November 8, 2000:
Case *83's research isn't limited to stepfamilies
in South Africa is her other research field
studying the health and economics of stepfamilies, professor Anne
Case *83 (on the right in picture) also studies what goes on in
"Half my beat is
developing-country work, so I do a lot of work right now in South
Africa. It's mostly related to how poor people cope, how they make
ends meet. We look at what the government does about poor people
- we look at the education system, we look at transfer programs.
"South Africa welcomes
academics. They make a lot of data publicly available," Case
said. "It seems everyone is a stake holder in the new government.
The old government had been so closed and secretive, and now they
want just the opposite. They really wanted to bring people in and
try to encourage people to look at the data."
Case's most recent work
in South Africa has been with Angus Deaton (professor of economics
and international affairs), Christina Paxson (professor of economics
and public affairs, on left in the picture above), and Alicia Menendez
(lecturer in public and international affairs).
"We've been piloting
surveys to try to look at the relationship between economic health,
physical health, and mental health and social connectedness,"
Case said. "So we're looking at well-being from a holistic
beat. South Africa is a really terrific place to try to go do some
of this work, in part because the country is very much in transition
socially, politically, and epidemiologically. There are people straddling
both sides of the epidemiological divide.
"There are people
who suffer from infectious diseases of developing countries and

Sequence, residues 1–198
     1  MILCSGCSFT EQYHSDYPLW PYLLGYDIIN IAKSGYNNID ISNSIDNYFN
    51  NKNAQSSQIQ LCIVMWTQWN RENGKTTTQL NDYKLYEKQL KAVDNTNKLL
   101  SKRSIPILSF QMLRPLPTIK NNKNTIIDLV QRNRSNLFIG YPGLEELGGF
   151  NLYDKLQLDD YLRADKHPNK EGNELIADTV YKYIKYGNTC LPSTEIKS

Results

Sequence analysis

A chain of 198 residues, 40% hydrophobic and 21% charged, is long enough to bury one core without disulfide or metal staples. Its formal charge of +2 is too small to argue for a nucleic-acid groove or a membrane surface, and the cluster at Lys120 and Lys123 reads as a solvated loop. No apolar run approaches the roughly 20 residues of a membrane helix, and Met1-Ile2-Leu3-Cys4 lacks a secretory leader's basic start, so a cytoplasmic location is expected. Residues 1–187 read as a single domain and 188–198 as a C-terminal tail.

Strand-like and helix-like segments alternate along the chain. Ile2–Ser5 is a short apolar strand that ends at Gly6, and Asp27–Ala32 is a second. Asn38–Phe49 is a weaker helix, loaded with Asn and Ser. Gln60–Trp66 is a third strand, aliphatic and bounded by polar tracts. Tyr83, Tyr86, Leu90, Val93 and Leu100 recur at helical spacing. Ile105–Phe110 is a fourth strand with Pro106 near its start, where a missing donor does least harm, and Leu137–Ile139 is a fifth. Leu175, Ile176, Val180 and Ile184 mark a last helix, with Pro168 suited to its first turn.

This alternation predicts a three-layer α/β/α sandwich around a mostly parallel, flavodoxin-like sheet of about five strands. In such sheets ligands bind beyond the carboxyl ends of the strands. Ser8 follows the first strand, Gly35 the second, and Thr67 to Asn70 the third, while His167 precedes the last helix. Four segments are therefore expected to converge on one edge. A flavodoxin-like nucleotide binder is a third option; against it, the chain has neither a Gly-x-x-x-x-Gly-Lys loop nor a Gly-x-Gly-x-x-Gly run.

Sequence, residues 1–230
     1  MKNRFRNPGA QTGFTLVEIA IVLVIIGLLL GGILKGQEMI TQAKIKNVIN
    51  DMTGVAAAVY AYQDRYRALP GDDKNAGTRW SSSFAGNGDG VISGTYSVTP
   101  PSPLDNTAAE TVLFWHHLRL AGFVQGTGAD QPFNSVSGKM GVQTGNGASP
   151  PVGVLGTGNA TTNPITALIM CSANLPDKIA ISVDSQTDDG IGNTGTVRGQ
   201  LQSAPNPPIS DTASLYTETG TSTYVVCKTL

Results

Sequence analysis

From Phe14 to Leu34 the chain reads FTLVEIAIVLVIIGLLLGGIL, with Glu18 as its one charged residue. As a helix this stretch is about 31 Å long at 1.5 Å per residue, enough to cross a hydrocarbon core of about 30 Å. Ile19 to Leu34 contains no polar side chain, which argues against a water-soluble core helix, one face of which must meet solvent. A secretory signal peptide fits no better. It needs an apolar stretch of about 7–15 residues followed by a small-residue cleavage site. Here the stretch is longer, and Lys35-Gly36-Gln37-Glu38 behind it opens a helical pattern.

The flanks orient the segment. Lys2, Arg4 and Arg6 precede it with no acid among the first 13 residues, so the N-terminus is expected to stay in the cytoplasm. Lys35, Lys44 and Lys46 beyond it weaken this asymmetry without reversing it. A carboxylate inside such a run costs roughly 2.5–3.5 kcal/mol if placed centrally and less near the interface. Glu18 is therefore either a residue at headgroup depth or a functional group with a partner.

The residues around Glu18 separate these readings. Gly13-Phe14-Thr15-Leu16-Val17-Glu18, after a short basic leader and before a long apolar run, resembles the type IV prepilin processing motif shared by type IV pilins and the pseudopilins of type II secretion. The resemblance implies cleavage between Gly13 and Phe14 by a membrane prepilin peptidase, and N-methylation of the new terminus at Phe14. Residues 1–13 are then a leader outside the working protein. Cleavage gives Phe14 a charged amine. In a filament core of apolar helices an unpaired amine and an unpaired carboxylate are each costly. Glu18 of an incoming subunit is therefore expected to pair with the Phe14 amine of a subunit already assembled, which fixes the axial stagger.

the chronic diseases of developed countries. And sometimes those
are the same people. I could have had TB and have a heart condition,
or I could have diabetes. And I get the double whammy. So it's a
really fascinating place to go and look at the country which is
changing so rapidly and has all these different populations. It
has a first-world population and a third-world population."
Case's work sometimes
affects policy. "In South Africa, there have been three different
projects I've been associated with," Case said. "One is
a project on school quality and looking at the effect of school
quality on, first, whether children stay in school and, second,
whether they finish school and if they take a job and what wages
they earn. We can document clearly the effect of school quality.
And that's having some effect on the debate there."
Case cites another example.
"The woman who was charged with setting up the new welfare
system for the new government asked me to sit in when they were
actually pounding out the new policy. I was an outsider, sitting
quietly, and contributed or gave advice when asked.
"But most recently
they're debating having low-income grants, because the very bottom
of the distribution is very, very poor. They asked me to come when
the parliamentary portfolio committee was having hearings last March
and talk to them about the transfer system they currently have in
place. To see if it is working and what the new one would cost,
who it would reach, or if there were problems with it," Case
said, but she added, "It's very informal. It's never as a consultant,
but as an academic who knows something about the numbers."
By Lolly O'Brien